How can I get relief from sciatica?
Sciatic nerve pain or sciatic neuritis
The largest nerve in the body is the sciatic nerve, both in terms of length and thickness (it is about as big around as your thumb). It starts in the low back from five different levels, or nerve roots, of the spinal cord and ends at the big toe. The sciatic nerve supplies muscles with motor impulses and the skin with sensory feelings. This is why when it gets into trouble it can cause weakness in the leg as well as numbness anywhere along its length. Pain that arises from the sciatic nerve can be tremendous, just like the large size of the nerve. If the nerve becomes irritated or inflamed it is called sciatic neuritis, or sciatica.
The most common cause of sciatica is pressure and irritation placed on any of the nerve roots t0hat make up the sciatic nerve. Since the place where the sciatic nerve roots branch from the spine is located very close to the lower back spinal discs, anything that might cause these discs to bulge or enlarge due to herniation (a “slipped disc”) would affect the sciatic nerve – and it often does. When a bulged or herniated disc puts pressure on a nearby nerve root where it branches off from the spine (nerve root),it can hurt a little or it can hurt terribly, depending on the size of the area that is contacted and how much pressure is being applied. The pain can be felt all along the path of that nerve or just one area, and besides pain this pressure can also cause numbness and weakness of the areas serviced by that portion of the sciatic nerve.
Depending on the location and amount of pressure on the nerve the pain can be just in the low back, just in the butt, just in the leg, just in the calf area, and even just in the foot or big toe, or in a few or all of these areas at the same time. The classic case of sciatica is described as pain that radiates down from the top of the buttock and travels into the leg, ending at the big toe.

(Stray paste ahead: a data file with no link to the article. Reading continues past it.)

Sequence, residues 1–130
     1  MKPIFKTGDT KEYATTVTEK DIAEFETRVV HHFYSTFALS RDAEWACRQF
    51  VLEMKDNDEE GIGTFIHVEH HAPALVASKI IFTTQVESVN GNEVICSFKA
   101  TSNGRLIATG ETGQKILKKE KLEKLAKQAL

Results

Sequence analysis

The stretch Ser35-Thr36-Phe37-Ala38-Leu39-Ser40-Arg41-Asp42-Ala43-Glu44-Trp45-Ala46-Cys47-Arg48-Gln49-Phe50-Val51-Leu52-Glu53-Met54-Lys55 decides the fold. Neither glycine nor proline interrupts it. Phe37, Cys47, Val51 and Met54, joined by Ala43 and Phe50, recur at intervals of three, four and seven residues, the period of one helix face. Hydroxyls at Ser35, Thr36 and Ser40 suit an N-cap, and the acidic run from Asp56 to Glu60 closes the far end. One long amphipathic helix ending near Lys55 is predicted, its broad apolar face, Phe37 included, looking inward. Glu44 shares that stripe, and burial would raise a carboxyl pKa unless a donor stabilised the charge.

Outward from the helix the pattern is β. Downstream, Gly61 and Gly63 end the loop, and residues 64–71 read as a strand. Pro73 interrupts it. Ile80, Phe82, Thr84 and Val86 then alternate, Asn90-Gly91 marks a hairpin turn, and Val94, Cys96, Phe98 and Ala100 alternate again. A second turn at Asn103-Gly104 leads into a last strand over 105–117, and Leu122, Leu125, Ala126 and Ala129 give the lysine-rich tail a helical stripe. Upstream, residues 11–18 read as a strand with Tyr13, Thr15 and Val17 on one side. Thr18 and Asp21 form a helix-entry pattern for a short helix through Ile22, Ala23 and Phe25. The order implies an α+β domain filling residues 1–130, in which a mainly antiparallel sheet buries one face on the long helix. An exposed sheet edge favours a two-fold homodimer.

Facts about sciatica:
- It is common for the leg pain of sciatica to be coupled with lower back pain from a bulged or herniated spinal disc. Even so, many cases of sciatica occur with no low back pain at all.
- The sciatica leg pain is often worse than the back pain, even though both are caused by the disc herniation.
- Sciatica usually affects only one leg at a time, although it is possible to have sciatica in both legs at the same time.
- The right and left leg are affected equally, since the lumbar disc can herniated to either side of the spine.
- Sciatic neuritis pain can be extreme, like a severe toothache or burning pain, sometimes described as the flesh tearing. I have had women tell me that sciatica pain is more intense than childbirth.
- In addition to great pain, sciatica can cause a sensation of pins and needles, tingling, numbness anywhere in the leg, feet and toes, as well as weakness of the muscles.
- Sciatica will often worse with rest or inactivity, especially sitting down, since this will cause greatest pressure upon the lumbar discs and this in turn irritates the nerve roots of the sciatic nerve.
- Sleep is often very disturbed since prolonged inactivity and the effects of poor mattress support will increase the lumbar disc swelling, applying more pressure to the sciatic nerve roots.
- A person who suffers from sciatica will tend to get up during the night as the pain often worsens while in bed after a few hours sleep. Pacing the floor usually helps reduce the pain so sleep is once again possible.
- Sciatic pain frequently feels worse in the mornings, and improves as the day goes on. This occurs because normal daily activity and upright posture tend to reduce the swelling of the lumbar discs that are at the cause of sciatica.
- Fewer than 5% of people with low back pain will have a lumbar disc problem that causes sciatic nerve pain.
Sciatica treatment at home
There are many things you can do for yourself at home to minimize sciatic pain. Please refer to Easy Sciatica Home Care. For the most part, at least you should begin by:
- Find a position that reduces or minimizes the pain, as stay there.
- Avoid any position or activity that aggravates the pain.
- Try to stay minimally active, as long as no pain arises during or after this activity. This can be as minimal as simply tightening and relaxing the low back muscles or bending our ankles or knees. Movement helps.
- Apply ice to the low back and upper buttock area where you have greatest back pain. To do this correctly please see How to use a cold pack for sciatica